Most transverse shuttle machines take 12×1 or 13×1 needles which were standard at the time but are unfortunately no longer made. Many people have searched for a modern substitute, and many solutions were found, yet every time I had such a machine in my sewing room, nothing would fit. The reason for it is that there is no modern needle with the same measurements.
Old 12×1 and 13×1 needles had a thin shaft at the top where it goes into the needle clamp. Both types had the same diametre but 13×1 needles were longer. So the needle clamps were designed to take a 1mm thick needle, whereas modern needles start with 1.6mm thickness at the top. (Yes, I know about NBx5 which are thin at the top, but trouble is, they are not available in useful sizes. Size 50 is way too fine, and even in this size these needles are hard to impossible to find.)
Having fiddled with substitute needles for several 12×1 and 13×1 machines, I realised that different makes had different designs of the needle clamp. In some cases you could actually use a thicker needle! What a relief.
My 1885 Wertheim TS is one of the lucky few.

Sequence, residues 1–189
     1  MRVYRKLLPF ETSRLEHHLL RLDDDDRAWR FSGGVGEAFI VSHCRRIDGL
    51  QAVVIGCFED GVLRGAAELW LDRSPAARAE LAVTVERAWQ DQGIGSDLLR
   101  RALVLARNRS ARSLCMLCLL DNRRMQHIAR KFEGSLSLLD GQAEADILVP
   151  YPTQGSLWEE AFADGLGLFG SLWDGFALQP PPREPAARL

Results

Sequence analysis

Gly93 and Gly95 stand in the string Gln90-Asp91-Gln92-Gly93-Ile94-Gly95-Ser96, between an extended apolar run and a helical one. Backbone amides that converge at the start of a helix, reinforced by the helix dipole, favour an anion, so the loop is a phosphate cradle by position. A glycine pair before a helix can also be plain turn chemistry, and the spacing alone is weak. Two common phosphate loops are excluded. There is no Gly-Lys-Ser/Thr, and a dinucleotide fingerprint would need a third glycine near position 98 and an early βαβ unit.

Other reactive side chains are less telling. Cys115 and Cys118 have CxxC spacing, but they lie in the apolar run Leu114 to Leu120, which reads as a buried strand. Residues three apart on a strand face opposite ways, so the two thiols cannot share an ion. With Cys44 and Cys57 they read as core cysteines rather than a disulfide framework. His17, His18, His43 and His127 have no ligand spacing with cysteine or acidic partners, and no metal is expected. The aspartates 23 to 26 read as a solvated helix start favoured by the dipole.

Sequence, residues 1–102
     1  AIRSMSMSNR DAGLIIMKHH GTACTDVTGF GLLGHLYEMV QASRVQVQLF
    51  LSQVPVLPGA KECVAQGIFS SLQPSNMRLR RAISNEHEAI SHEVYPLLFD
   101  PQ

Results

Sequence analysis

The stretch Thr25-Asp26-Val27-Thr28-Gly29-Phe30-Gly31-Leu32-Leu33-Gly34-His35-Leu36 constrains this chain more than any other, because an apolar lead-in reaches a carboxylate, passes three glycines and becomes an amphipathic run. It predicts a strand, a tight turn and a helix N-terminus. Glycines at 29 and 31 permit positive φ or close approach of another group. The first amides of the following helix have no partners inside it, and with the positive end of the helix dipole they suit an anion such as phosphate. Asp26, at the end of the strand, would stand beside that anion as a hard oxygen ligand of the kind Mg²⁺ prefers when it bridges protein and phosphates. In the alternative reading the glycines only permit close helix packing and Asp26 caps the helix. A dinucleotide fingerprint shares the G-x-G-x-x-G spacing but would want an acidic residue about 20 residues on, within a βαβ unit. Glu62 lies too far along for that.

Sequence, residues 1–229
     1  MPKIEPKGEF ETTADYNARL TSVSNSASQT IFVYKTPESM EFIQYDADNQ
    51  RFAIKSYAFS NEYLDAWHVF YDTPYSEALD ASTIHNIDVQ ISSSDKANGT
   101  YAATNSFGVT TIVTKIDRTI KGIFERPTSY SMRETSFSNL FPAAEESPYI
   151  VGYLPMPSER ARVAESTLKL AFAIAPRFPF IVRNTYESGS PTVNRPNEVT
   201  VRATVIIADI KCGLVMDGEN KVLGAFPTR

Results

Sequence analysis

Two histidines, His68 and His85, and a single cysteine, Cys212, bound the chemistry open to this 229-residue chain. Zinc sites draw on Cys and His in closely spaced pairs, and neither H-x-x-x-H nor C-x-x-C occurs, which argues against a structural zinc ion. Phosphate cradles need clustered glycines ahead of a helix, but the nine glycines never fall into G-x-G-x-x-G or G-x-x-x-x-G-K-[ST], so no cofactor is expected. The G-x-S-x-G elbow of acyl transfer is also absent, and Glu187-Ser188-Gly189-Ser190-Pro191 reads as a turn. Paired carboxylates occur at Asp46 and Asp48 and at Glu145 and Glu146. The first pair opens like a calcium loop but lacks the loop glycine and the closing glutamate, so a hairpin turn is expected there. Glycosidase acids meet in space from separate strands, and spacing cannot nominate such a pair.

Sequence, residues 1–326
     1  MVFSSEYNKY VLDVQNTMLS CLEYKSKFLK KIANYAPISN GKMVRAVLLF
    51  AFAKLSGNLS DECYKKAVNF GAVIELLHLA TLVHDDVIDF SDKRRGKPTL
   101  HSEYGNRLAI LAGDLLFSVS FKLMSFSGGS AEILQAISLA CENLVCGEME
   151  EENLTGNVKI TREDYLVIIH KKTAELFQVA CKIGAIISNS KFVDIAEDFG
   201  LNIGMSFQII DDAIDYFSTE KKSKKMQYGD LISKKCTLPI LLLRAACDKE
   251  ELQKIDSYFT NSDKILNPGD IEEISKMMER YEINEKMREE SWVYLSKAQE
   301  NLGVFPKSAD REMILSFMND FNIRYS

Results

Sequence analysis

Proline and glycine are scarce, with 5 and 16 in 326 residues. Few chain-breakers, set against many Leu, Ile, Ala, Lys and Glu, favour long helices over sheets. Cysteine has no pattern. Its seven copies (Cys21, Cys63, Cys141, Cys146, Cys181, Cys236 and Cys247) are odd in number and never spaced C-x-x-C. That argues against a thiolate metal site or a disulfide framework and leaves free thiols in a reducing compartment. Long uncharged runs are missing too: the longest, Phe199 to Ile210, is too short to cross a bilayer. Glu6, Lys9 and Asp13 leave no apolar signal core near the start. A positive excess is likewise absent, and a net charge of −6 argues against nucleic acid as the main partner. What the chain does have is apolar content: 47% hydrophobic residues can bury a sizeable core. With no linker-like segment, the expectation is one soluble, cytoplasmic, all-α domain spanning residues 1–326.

It has a groove in the needle bar and a flat needle clamp that opens wide enough to take a thicker needle than the 12×1.
So I was able to use an industrial 108×3 needle instead! 😃
Once I cleaned out the groove and the needle clamp properly 😉, I found that the needle aligned very well both with the needle hole and with the foot. What luck!
This needle has the same diametre as a more common industrial DBx1 needle, but it is longer. Indeed, I started by fitting DBx1, but it wouldn’t pick up the thread – clearly, this Wertheim TS was designed to use the longer 13×1 needles. So 108×3 did the trick as a substitute.
If you find that the needle doesn’t align very well in your machine, try loosening slightly the screws that hold together the head. This will introduce a little play into the movement of the needle bar. Watch it carefully though – it might help or it might make things worse. It seems that depends on the individual machine, how it’s been used and how it aged. After all, it’s over 130 years old!
See also this post on selecting substitute needles.